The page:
University of North Carolina Greensboro Network Failure Discussion
Question 1. Explain three causes of network failure and how to prevent them. Number these causes (e.g. number them as i, ii, iii, etc.) so that I can differentiate these causes in your answer
Question 2. Discuss the ways to test the network to prevent failure.
Question 3. From your research, share one technical tool (either open-source and publicly available or a commercial product) that can be used to prevent network failure. Investigate this tool and share your findings on its purpose, how it might be used. It is not expected for you to be an expert but this gives you an opportunity to explore a tool. For your own interest, you may consider downloading the tool of your choice and explore it further.
Reply to 3 classmates with references.
Here is 1:
- Explain three causes of network failure and how to prevent them.
a. Inadequate training – Employees who are not consistently reminded of the pitfalls of neglecting to observe basic cyber security are at a much higher risk of “forgetting something” or “not paying attention”. It only takes one unwitting employee to fall victim to a social engineering scheme or click the wrong link. At minimum, mandatory annual security training, will do wonders for network security. In some cases, such as with technical personnel within most DoD programs, folks are required to obtain a base level cyber security certification, such as CompTia Security+ or ISC2 CISSP.
b. Bad configuration management – When organizations do not keep their hardware drivers operating systems, and software applications up to date, or they don’t keep a detailed inventory of all network devices, they are at great risk of a breach. In time, attackers get really good at breaking into specific versions of software. If those operating systems, drivers, or applications are deprecated and no longer serviced by the vendor’s organization, those packages are often very vulnerable to attack, as there are no longer any patches or updates released for them. The same applies for many network devices. It helps to maintain a proper configuration management schema; know what you have and when it needs to be updated or patched.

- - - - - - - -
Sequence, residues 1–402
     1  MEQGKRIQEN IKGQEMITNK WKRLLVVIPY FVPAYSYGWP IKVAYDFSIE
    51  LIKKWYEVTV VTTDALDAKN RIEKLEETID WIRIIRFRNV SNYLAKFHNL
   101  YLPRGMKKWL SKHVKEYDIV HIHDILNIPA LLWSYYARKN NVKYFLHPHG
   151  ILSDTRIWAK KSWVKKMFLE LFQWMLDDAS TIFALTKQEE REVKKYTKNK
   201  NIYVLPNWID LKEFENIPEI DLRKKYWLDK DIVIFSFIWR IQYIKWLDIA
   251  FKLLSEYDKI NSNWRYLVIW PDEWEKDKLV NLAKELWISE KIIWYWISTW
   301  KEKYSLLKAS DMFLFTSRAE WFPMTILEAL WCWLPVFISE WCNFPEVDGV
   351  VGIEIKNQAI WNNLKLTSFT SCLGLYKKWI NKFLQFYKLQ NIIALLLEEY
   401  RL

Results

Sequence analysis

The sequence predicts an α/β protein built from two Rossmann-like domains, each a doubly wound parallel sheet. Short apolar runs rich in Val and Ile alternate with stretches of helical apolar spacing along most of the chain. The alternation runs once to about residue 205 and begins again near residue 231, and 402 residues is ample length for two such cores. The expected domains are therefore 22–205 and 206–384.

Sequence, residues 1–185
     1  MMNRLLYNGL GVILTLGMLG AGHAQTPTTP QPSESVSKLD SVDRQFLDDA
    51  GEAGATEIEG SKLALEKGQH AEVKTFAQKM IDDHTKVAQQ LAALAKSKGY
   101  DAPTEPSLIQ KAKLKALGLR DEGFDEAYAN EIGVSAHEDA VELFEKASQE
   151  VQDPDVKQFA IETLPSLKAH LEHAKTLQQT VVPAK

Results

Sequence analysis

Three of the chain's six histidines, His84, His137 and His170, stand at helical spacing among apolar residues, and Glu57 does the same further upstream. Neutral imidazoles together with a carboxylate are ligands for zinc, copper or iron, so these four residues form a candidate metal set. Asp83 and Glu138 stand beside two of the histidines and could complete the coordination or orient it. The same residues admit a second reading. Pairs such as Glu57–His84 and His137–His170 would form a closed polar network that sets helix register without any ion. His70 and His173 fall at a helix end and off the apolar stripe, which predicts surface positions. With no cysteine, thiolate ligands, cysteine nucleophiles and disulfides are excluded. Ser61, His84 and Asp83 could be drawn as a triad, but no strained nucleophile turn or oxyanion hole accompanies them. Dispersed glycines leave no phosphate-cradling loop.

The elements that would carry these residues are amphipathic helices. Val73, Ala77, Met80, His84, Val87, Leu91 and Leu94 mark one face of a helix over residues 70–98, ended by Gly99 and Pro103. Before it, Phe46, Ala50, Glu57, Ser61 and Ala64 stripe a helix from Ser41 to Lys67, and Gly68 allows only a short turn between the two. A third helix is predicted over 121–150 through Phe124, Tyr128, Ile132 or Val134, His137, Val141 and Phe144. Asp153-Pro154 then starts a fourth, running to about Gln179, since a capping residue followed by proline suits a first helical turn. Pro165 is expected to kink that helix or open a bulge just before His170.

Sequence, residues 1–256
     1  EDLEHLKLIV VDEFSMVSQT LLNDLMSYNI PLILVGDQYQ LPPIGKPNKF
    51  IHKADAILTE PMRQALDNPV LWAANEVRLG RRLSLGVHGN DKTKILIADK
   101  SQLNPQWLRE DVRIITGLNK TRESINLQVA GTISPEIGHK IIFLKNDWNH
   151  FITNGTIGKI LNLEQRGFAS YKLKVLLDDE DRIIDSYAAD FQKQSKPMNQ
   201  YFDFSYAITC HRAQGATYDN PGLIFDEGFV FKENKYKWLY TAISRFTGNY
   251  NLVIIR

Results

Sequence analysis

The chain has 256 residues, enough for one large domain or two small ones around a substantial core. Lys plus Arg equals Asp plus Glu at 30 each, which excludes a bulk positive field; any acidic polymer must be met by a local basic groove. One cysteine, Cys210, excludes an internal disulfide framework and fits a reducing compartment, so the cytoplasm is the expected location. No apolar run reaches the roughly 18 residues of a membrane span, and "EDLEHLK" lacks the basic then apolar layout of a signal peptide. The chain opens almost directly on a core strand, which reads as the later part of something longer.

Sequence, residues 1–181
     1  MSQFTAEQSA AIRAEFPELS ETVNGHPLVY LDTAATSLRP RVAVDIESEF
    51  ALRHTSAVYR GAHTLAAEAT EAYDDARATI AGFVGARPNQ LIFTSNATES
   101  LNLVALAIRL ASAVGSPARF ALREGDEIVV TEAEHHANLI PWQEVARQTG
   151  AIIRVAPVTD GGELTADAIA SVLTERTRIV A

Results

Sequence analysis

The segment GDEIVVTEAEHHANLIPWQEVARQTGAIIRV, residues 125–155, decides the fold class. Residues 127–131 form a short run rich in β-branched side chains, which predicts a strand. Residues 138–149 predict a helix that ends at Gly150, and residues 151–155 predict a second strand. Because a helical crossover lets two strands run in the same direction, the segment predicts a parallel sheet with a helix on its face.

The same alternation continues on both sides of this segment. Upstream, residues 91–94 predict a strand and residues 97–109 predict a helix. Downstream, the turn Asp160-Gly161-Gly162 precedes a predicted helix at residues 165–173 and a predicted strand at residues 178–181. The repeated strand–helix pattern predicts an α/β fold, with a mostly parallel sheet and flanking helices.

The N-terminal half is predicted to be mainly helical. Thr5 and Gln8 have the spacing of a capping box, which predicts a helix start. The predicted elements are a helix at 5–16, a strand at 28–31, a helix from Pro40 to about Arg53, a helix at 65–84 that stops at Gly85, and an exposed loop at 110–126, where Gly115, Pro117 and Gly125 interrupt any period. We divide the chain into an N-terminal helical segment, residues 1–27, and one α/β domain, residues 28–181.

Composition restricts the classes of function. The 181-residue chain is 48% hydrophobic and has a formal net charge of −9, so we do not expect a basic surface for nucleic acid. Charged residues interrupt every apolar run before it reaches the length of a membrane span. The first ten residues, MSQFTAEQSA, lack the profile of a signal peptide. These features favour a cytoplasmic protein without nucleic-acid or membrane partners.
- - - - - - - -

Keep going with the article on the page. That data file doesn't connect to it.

c. Vetting employees and vendors / personnel management– While some of the most notorious insiders in history were very trustworthy and highly trusted, (Edward Snowden, anyone?) one cannot overlook the backgrounds of those with whom you do business. The vendor hoping to sell you a brand new security suite might be trying to sell you a brand new way for their criminal organization to wipe yours and your customers’ bank accounts clean. In addition, that person you may like a lot and want to hire could be looking for a new target. It isn’t possible to entirely eliminate the insider threat, but policies such as separation of duties, access control, and rotation of duties, can go a long way in preventing the insider threat.
2. Testing a network is a comprehensive and intensive process. Before one can successfully test a network, some type of configuration management and system accreditation and certification must exist. First, understanding your network’s security needs is paramount. Implementing an organizational certification schema such as NIST, ISO, or CMMI is very helpful in understanding what you must do to first harden your network, then to understand what you must do to keep it hardened. Regular audits by an external entity are more than helpful. Many end-point security packages (anti-virus) are available to test machines daily, and suites such as Splunk are available to analyze patterns in network traffic for anomalies. SCAP and Fortify are also great tools for network and application vulnerability scanning.
3. Tripwire is a configuration management testing tool, which is very useful in automatically testing the security of a system’s configuration. The vast majority of data exposure occurs due to errors made by users and operators in both configuration and practice. Utilizing Tripwire allows an organization to constantly scan networks for improper configurations. This can benefit an organization by telling them that they have a problem before the bad guys find it. However, knowing that you have a problem isn’t enough; you must actually fix it.